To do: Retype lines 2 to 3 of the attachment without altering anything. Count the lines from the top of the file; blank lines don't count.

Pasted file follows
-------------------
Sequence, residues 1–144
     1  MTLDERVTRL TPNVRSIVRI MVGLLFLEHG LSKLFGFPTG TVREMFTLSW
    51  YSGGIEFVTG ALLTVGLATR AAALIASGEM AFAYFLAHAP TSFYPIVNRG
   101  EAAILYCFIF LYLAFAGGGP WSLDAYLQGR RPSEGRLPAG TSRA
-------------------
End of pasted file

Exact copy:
     1  MTLDERVTRL TPNVRSIVRI MVGLLFLEHG LSKLFGFPTG TVREMFTLSW
    51  YSGGIEFVTG ALLTVGLATR AAALIASGEM AFAYFLAHAP TSFYPIVNRG